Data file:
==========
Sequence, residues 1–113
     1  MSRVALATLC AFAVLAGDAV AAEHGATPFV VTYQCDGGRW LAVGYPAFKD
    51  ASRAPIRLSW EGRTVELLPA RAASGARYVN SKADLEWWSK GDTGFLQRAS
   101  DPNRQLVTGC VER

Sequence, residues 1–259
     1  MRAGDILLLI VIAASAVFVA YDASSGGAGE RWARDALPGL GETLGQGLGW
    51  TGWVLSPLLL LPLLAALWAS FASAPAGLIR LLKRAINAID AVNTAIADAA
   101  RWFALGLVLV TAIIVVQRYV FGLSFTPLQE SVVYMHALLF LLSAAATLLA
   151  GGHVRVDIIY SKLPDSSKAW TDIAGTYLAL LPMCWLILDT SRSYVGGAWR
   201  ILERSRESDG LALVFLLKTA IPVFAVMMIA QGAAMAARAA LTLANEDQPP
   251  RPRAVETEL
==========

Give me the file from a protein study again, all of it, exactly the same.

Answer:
Sequence, residues 1–113
     1  MSRVALATLC AFAVLAGDAV AAEHGATPFV VTYQCDGGRW LAVGYPAFKD
    51  ASRAPIRLSW EGRTVELLPA RAASGARYVN SKADLEWWSK GDTGFLQRAS
   101  DPNRQLVTGC VER

Sequence, residues 1–259
     1  MRAGDILLLI VIAASAVFVA YDASSGGAGE RWARDALPGL GETLGQGLGW
    51  TGWVLSPLLL LPLLAALWAS FASAPAGLIR LLKRAINAID AVNTAIADAA
   101  RWFALGLVLV TAIIVVQRYV FGLSFTPLQE SVVYMHALLF LLSAAATLLA
   151  GGHVRVDIIY SKLPDSSKAW TDIAGTYLAL LPMCWLILDT SRSYVGGAWR
   201  ILERSRESDG LALVFLLKTA IPVFAVMMIA QGAAMAARAA LTLANEDQPP
   251  RPRAVETEL